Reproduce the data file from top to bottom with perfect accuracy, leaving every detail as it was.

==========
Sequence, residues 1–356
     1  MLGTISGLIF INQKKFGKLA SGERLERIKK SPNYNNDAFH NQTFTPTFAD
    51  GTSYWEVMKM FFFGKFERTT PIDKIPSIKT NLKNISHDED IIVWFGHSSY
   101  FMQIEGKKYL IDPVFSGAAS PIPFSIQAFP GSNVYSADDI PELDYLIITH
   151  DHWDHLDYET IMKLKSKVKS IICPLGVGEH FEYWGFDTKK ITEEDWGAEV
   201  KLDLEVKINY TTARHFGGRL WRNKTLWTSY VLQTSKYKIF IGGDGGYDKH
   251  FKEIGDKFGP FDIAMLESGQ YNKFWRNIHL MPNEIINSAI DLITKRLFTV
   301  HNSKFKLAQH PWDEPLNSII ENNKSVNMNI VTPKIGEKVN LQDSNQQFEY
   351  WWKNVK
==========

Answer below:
Sequence, residues 1–356
     1  MLGTISGLIF INQKKFGKLA SGERLERIKK SPNYNNDAFH NQTFTPTFAD
    51  GTSYWEVMKM FFFGKFERTT PIDKIPSIKT NLKNISHDED IIVWFGHSSY
   101  FMQIEGKKYL IDPVFSGAAS PIPFSIQAFP GSNVYSADDI PELDYLIITH
   151  DHWDHLDYET IMKLKSKVKS IICPLGVGEH FEYWGFDTKK ITEEDWGAEV
   201  KLDLEVKINY TTARHFGGRL WRNKTLWTSY VLQTSKYKIF IGGDGGYDKH
   251  FKEIGDKFGP FDIAMLESGQ YNKFWRNIHL MPNEIINSAI DLITKRLFTV
   301  HNSKFKLAQH PWDEPLNSII ENNKSVNMNI VTPKIGEKVN LQDSNQQFEY
   351  WWKNVK